Value investing and the fama-french three-factor model : a cross-sectional and time-series analysis

Cheung, Ernest H-W. (2002). Value investing and the fama-french three-factor model : a cross-sectional and time-series analysis Honours Thesis, School of Business, The University of Queensland.

       
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Author Cheung, Ernest H-W.
Thesis Title Value investing and the fama-french three-factor model : a cross-sectional and time-series analysis
School, Centre or Institute School of Business
Institution The University of Queensland
Publication date 2002
Thesis type Honours Thesis
Total pages 53
Language eng
Subjects 14 Economics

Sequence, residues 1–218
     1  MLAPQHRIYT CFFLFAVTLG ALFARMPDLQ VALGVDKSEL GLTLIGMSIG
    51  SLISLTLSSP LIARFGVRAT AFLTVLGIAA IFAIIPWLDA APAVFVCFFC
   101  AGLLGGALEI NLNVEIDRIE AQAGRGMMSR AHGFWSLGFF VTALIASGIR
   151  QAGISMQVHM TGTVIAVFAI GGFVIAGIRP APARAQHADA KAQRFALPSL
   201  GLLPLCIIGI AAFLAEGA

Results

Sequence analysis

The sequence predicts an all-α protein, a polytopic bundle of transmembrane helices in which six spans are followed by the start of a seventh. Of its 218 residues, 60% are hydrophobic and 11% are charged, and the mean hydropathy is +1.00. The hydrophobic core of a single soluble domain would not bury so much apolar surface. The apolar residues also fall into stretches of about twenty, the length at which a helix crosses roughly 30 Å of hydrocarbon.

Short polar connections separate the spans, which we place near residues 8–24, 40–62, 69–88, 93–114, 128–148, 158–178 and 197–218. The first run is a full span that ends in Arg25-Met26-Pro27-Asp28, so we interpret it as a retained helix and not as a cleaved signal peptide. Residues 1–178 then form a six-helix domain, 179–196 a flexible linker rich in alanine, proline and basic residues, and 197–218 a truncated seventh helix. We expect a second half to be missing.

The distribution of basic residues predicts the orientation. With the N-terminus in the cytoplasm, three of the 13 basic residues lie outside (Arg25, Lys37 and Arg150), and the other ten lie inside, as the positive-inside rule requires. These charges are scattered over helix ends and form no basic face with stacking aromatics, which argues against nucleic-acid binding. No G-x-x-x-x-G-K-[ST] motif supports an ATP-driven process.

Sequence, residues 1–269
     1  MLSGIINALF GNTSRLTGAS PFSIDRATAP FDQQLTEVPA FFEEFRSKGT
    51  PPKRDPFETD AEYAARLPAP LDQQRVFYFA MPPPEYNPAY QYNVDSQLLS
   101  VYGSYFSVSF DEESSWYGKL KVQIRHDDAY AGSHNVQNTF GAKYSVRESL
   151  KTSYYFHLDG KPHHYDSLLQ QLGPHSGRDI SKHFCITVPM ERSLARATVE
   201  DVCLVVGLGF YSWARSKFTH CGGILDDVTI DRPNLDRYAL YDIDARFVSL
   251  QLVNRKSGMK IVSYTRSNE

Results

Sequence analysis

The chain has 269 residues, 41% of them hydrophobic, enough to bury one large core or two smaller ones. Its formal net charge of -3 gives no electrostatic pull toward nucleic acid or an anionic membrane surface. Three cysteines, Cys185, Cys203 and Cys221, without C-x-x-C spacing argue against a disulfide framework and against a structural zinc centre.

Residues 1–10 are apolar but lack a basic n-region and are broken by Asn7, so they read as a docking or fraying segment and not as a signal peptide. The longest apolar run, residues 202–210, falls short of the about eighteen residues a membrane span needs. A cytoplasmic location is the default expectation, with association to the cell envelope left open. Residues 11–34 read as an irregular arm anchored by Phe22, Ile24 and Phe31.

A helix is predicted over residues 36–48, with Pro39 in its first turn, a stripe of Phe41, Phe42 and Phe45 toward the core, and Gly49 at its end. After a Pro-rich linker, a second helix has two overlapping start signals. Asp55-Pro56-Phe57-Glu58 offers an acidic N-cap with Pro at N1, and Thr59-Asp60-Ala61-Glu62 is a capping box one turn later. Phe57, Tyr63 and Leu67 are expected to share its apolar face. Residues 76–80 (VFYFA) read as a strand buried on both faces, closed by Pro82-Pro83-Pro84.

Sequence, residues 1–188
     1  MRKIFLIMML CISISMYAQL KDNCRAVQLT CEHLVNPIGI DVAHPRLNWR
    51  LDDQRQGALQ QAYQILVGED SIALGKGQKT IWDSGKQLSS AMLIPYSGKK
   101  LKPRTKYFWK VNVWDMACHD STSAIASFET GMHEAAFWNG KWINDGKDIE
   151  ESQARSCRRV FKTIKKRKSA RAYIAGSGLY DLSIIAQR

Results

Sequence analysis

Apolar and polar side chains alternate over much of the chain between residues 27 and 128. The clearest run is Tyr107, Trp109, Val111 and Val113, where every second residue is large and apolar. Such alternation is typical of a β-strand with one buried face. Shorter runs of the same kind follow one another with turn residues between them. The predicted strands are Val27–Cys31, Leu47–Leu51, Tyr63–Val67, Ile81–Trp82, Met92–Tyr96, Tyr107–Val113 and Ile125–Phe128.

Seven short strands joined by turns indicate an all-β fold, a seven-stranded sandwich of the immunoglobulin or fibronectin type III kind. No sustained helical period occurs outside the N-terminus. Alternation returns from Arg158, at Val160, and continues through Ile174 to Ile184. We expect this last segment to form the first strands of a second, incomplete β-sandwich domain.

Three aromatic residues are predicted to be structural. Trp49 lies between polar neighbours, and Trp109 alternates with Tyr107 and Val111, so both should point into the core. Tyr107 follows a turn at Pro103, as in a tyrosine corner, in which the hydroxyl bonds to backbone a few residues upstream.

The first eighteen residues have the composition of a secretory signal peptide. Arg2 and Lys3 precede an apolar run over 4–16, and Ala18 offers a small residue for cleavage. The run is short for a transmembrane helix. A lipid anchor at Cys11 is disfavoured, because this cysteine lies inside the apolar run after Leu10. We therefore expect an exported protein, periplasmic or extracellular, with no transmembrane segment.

Formatted abstract This article investigates the potential excess returns from a value investment strategy in Australia and uses the cross-section methodology of Fama and MacBeth (1973) and the time-series approach of Fama and French (1993) to examine the role of size of the firm and the book-to-price ratio in explaining average stock returns. The first finding from the study is that over the period 1992 to 2001, value portfolios outperformed glamour portfolios annually by an average of 11.2% with portfolios sorted on the book-to-price (B/P) ratio, 8.2% with portfolios sorted on the cash flow-to-price (C/P) ratio, and 8.2% for portfolios sorted on the earnings-to-price (E/P) ratio. We also find that the FamaFrench three-factor model, based on size, book-to-price and the market risk premium, explains average returns better than a one-factor model (i.e. CAPM) based on the market risk premium alone. Consistent with the previous Australian study by Halliwell et al (1999) over 1981 to 1991, the 5MB (small size minus big size) factor is significant across most portfolios, but the HML (high B/P minus low B/P) factor is significant only in portfolios with the largest market capitalisations. The results in Australia differ from Fama and French (1993), who found the HML factor to be significant across almost all 25 size and B/P quintile portfolios in the U.S. We conjecture that different market characteristics in Australia, in particular the large percentage of very small market capitalisation firms, may explain the dissimilar finding on the HML factor in Australia.

 
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